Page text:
You've heard of botox. But how about bro-tox?
We've all heard of metro-sexuals. How about macho-sexuals?
"Macho sexual. I'm digging it", Paul Klink qualifies.
The hunter from New York is now an actor in Hawaii. He even appeared on the new Hawaii Five-O t.v. series.
How old would you guess he is? Klink reveals, "I'm not ashamed to say im almost 50". Almost 50 and no wrinkles.
If you look at Klink's photo from 5 years ago, before he fell in love with the Honolulu MedSpa, before his zapping, burning & stinging quest to keep from getting old.
"When I first started coming here, it was an issue. I wouldn't tell my guy friends. They'd be like, ‘Dude, you're out of boys bunch.' But now they're all coming here. Ha, ha.", Klink explains.
Indeed the beauty spa is no longer a women's only club.
Stuntman Racer Moody gets his chest hair lasered. Moody details, "Even the hairs that do grow out they grow out like way thinner so they don't stand out as much."
Financial planner Tony Silva gets a deep cleansing facial. "You could see right away", Silva recounts, "within the first 2 to 3 days you have this intense glow."
And look away if you don't like needles because retired aircraft painter James Kawasugi gets a big one in his cheek lines, erasing his frown.
And over at Aesthetics Hawaii, Raleigh Taufer and his doctor, David Yew, have both been getting "brotox" for years.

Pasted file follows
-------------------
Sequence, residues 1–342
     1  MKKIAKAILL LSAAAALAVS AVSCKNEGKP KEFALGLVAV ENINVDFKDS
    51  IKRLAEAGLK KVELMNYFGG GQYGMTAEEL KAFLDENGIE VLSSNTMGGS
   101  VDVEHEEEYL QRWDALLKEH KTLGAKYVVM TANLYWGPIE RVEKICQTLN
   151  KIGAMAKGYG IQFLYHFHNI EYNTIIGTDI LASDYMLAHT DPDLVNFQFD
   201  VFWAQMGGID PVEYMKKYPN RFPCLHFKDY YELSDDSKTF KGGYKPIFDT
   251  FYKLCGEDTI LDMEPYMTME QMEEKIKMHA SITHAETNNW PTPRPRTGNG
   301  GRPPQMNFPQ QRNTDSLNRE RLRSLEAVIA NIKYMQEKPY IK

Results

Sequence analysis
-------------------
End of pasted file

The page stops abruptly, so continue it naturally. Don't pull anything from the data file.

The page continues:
"Did it hurt?", Dr. Yew asks.
"A little bit but not a lot.", Taufer responds. "Not as much as I thought it would."
Doctor Yew says most of his male clients start off escorting their girlfriends to a treatment.
Dr. Yew elaborates that, during consultation, "I can watch the man slowly grabbing the mirror and looking at himself. You know some guys have the Clint Eastwood macho man image but, inevitably by the end of the consultation, they're looking in that mirror and virtually all of them, with the exception of a few, end up getting treated."
Doctor Yew says about a third of his clients are now men.
At the MedSpa, its about 10 percent and rising.
We thought about asking a bunch of good looking women what they thought about this new trend. Instead, we turned to an expert at U.H.'s Women Studies department.
Ayu Sariswati explains, "The question is not about right or wrong right but what does it do". Sariswati says people have always wanted to look good.
"What is interesting is the ways it's being incorporated into the market. These days, the more socially acceptable it is for men to hit the beauty salon, the more men will do it" states Sariswati.
And then comes more men's products. And more pressure from society.
Or maybe it's the other way around.
"It's always the egg and the chicken, right?", Sariswati asks. "Which comes first?".
Some critics say it's all tied to age-ism and we should all be more accepting of our wrinkles.
You can't stop time but more men are fighting to slow it down.
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